Git submodules help maintain complex projects by allowing independent repositories to exist as subdirectories within a wider project repository. This Git feature allows each repository's version history to remain separate while making the code easily accessible inside the main project.
In this tutorial, you will learn how to obtain the contents of a submodule using the command line and how to automate the checkout process with GitHub actions.
- Git installed.
- GitHub account for creating GitHub actions.
Note: For instructions on how to set up your Git environment, read the Install Git and Create a GitHub account section of our beginner's guide to Git.
Submodule Checkout Using Git CLI
The command-line procedure to obtain repositories containing submodules is the same as the general checkout procedure. However, initializing submodules on a local machine requires updating the content of submodule directories, as listed in step 3 below.
To check out submodules via CLI:
git clone to copy the repository content to the local machine:
git clone [repository-url]
The cloned copy contains all the files of the original repository, but the directories representing submodules remain empty until they are initialized.
2. Navigate to the main repository directory.
3. Update the content of submodule directories with the
git submodule update command. Execute the command from the main project directory.
git submodule update --init --recursive
--init flag initializes the submodules before the update. The
--recursive option searches for nested submodules and ensures they are updated too.
The command output in the example above shows that Git successfully registered and checked out the two submodules located in the main repository.
Note: For a more comprehensive guide to obtaining Git submodules with CLI commands, read How to Pull the Latest Git Submodule.
Submodule Checkout Using GitHub Actions
Using the GitHub Actions CI/CD platform, you can automate submodule checkout by including it in your pipeline. The following sections present three methods to configure a submodule checkout job in your workflow.
The methods include:
- Executing the CLI command in a
- Specifying the
- Using an extension available in the GitHub Marketplace.
Run Command Directly
Automate submodule checkout by integrating the
git submodule update CLI command into your GitHub Actions workflow. The following example defines a job named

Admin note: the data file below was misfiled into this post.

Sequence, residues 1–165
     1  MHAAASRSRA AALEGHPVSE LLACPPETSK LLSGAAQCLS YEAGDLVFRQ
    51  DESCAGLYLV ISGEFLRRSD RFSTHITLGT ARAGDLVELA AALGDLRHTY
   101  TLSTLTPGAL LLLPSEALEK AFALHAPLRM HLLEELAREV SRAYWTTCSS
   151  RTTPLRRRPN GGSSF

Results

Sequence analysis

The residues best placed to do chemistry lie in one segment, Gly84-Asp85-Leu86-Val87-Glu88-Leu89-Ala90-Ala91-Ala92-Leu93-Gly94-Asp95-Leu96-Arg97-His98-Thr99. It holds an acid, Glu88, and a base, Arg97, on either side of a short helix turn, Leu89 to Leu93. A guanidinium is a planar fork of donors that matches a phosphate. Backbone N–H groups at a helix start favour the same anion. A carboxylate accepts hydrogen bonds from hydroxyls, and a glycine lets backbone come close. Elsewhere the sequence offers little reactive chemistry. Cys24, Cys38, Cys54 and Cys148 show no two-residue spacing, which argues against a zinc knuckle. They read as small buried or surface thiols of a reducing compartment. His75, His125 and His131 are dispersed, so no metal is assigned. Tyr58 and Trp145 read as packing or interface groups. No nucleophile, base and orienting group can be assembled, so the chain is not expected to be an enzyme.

submodule-checkout that features two steps.
- The first step uses the
checkoutaction to obtain the repository contents.
- The second step runs the command that initiates and updates the submodules.
jobs: submodule-checkout: runs-on: ubuntu-latest steps: - name: Checkout repository uses: actions/checkout@v2 - name: Checkout submodules run: git submodule update --init --recursive
Use submodules Input
Another way to check out submodules in a repository is to include the
submodules input in the step that calls the
checkout action. The example job below checks out the repository and its submodules in a single step.
jobs: submodule-checkout: runs-on: ubuntu-latest steps: - name: Checkout repository and submodules uses: actions/checkout@v2 with: submodules: recursive
Use git Actions Extension
The git Actions extension allows any Git command to be executed inside a workflow. Install the extension by adding the following section to your YML file:
- name: git Actions uses: firstname.lastname@example.org
When calling this action in your job configuration, pass the
git submodule update command using the
args keyword, as in the example below.
jobs: submodule-checkout: runs-on: ubuntu-latest steps: - name: Checkout repository uses: actions/checkout@v2 - name: Checkout submodules uses: email@example.com with: args: git submodule update --init --recursive
Note: Learn how to add, update or remove Git submodules.
After reading this tutorial, you should know how to check out submodule content for your project. The article covered the command-line approach to checking out submodules and offered ways to include the procedure in your GitHub Actions workflow.